Tired of electrical discussions.

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On Mon, 16 May 2005 23:17:05 -0400, the inscrutable Robatoy

Not ONE of you fidiots heard the "zzzzzzzzzzzzzzzzzzzz Plop!" on this one, did you? <sigh>
------------------------------------------ Do the voices in my head bother you? ------------------------------------------ http://diversify.com Full-Service Web Development
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Hello?
Larry?
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Uh, which Larry? :)
--

Larry Wasserman Baltimore, Maryland
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snipped-for-privacy@fellspt.charm.net (Lawrence Wasserman) wrote:

LOL...wooops... The other Larry.
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But how is bad electrical advice any different from getting bad (potentially dangerous) advice on how to use a woodworking tool? For example, using an antikickback or workholding device incorrectly could cause as many problems as incorrectly wiring something. I'm thinking about the kinds of things discussed in that thread about millwork being shot out of a table saw through the shop wall, etc. I think anything discussed on any forum should be compared with personal experience and the sound advice of a someone who knows what they are talking about. Just my opinion, hope people give it some thought.
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Because bad electrical advice can get people _killed_.

I disagree entirely.
Woodworking accidents are rarely fatal, and generally are the result of carelessness, inattention, or poor practice - and the consequences normally do not go much beyond injuries to the one responsible for said carelessness et cetera, and a ruined piece of lumber.
Improper wiring, by contrast, results with disturbing frequency in residence fires which do tens or hundreds of thousands of dollars worth of damage, or claim the lives of an entire family.
They're just not in the same category at all, either in the nature, or the scope, of the consequences.
-- Regards, Doug Miller (alphageek at milmac dot com)
Nobody ever left footprints in the sands of time by sitting on his butt. And who wants to leave buttprints in the sands of time?
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snipped-for-privacy@milmac.com (Doug Miller) wrote in

And they lay in hiding endangering future occupants and workers...
Patriarch
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Someone just told me about a situation in which a student was leaning back in a chair/stool in a high school chem lab. The chair slipped, the kid fell, hit her head on the table. Was a quadraplegic until died at the age of ~40. Now someone could have said that she got bad advice about whether to lean a chair back on a slippery floor. Did she regret getting that information or lack of it? No one will ever know. To me, advice is advice. Mistakes can kill or maim no matter what they are. Don't believe me: go into google scholar (searching scholarly articles) and type in "fatal woodworking accidents." Here is a quote from one of the articles: "A study from Sweden showed that woodworkers had the highest incidence rates of accident-related permanent disability among young workers. " Persson I, Larsson TJ. Accident-related permanent disabilities of young workers in Sweden 1984-85. Safety Sci. 1991; 14:187-198 I don't seek to offend or put down other people's views or opinions, but I do believe that it is important to hear all points of view.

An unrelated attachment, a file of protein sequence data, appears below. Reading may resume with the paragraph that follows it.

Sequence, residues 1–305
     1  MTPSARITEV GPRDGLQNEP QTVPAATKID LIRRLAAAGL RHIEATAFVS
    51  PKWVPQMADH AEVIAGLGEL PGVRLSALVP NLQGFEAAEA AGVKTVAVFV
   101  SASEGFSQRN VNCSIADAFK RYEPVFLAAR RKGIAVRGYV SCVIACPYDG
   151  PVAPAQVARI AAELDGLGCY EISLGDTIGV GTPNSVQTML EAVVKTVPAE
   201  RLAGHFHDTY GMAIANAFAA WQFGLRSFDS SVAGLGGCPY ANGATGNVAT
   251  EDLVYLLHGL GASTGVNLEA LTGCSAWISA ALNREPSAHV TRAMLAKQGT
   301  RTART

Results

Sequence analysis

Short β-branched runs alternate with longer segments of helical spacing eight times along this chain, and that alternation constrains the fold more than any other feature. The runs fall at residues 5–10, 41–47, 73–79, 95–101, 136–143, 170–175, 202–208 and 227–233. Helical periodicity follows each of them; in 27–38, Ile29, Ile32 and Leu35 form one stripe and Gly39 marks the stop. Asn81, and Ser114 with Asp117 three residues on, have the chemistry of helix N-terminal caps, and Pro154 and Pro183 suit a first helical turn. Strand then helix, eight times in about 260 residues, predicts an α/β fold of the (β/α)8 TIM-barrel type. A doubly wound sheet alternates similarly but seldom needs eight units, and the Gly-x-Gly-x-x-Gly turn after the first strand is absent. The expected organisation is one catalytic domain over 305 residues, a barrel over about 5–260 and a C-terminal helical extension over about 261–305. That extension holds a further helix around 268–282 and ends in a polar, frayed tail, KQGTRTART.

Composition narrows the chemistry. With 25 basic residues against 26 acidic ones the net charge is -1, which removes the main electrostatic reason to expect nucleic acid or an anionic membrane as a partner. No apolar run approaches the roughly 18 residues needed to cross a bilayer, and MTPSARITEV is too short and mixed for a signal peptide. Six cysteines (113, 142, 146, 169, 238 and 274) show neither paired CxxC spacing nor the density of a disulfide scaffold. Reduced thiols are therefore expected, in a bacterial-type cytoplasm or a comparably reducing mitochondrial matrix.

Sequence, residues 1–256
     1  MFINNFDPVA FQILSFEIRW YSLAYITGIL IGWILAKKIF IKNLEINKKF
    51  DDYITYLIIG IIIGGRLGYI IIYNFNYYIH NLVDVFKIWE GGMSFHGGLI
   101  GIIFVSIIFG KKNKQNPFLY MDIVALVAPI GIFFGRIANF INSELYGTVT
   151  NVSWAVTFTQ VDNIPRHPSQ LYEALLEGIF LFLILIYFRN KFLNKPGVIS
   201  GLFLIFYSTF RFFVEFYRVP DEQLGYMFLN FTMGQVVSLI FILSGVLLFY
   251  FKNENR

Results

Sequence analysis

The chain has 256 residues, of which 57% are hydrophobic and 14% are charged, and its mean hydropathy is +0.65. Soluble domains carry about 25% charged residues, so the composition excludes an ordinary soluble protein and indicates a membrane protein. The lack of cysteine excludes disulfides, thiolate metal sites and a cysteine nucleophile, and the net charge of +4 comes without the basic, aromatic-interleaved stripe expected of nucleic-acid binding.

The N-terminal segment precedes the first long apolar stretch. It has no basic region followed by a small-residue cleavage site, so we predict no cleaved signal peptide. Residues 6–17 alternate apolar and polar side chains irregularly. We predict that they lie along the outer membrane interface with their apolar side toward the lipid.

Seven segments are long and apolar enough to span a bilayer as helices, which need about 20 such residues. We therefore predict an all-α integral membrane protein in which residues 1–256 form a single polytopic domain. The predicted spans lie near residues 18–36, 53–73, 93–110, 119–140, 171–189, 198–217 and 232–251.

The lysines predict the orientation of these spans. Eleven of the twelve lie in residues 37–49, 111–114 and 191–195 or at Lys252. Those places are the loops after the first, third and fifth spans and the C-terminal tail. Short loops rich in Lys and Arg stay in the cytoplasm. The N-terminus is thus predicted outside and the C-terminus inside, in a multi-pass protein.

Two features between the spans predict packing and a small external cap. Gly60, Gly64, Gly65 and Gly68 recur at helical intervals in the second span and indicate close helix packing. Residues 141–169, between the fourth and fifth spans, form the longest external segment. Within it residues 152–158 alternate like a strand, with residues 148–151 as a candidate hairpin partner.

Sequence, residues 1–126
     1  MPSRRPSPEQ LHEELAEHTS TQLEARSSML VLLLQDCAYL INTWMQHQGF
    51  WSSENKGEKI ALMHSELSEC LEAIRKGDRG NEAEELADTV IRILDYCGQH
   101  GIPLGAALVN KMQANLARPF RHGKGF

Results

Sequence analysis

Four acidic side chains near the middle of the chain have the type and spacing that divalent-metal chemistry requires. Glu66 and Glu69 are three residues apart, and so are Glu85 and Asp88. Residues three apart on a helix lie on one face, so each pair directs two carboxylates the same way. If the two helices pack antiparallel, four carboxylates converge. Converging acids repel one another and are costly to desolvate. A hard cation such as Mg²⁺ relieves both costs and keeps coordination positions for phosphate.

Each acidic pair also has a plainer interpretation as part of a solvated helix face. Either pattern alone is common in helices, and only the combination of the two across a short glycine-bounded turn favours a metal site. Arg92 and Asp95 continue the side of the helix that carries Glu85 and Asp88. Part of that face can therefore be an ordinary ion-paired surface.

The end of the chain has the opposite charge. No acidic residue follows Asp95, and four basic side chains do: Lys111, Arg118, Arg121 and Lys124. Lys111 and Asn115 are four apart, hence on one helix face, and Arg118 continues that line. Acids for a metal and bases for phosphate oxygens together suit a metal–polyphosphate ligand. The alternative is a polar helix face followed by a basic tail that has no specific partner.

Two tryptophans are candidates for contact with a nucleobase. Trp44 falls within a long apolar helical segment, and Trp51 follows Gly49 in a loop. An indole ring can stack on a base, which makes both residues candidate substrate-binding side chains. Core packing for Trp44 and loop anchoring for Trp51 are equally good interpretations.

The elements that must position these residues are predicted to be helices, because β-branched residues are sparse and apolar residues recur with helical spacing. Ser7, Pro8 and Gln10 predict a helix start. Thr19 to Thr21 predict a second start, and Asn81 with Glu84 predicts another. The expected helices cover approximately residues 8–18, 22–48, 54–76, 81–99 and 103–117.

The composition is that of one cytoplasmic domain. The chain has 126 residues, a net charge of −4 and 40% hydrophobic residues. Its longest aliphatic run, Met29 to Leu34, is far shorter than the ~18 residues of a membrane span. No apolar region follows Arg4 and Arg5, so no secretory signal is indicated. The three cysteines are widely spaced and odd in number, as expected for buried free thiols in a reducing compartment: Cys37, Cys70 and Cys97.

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True - but you're completely ignoring the concept of "relative risk". Bad electrical wiring is _far_ more likely to cause serious injury or death, and major property damage, than bad practices in a woodshop - and the consequences affect innocent people as well as (or instead of) the boob who caused the problem.

I'm not sure you've grasped my point yet. How many of those woodworking accidents injured, disabled, or killed anyone besides the woodworker? How many of those accidents caused hundreds of thousands of dollars in property damage? Electrical fires do these things; woodworking accidents do not.

As do I. That does *not* mean, however, that I believe all points of view are equally valid.
-- Regards, Doug Miller (alphageek at milmac dot com)
Nobody ever left footprints in the sands of time by sitting on his butt. And who wants to leave buttprints in the sands of time?
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I now completely see your point. You are correct that very few woodworking accidents involve others compared to electrical accidents. However, many electrical accidents on the smaller scale involve only the amateur electrictian. I do agree that, given the relative scale of the problems, we should limit this forum to sound woodworking advice. If in doubt about an electrical problem, contact a licensed electrician. Doug, thanks for the enlightening discussion.
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Yeah..and WHO said there was no rational thought in UseNet, eh?
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snipped-for-privacy@milmac.com (Doug Miller) wrote:

No argument from me, Doug. I know what you mean.
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[severely snipped for brevity]

Absolutely. Couldn't agree more. The point of my original post was to try to warn people that just because somebody offers up an answer, with some sound of authority, that it could be wrong. I think you are right to say that it's not just the topic of electricity which can create a hazard with a wrong answer/advice. ----> EXAMPLE!!!..."When turning a bowl, you can see MUCH better if you take off your safety glasses" <------THAT is an example.
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Sorry bout the length. Thought it made a point.
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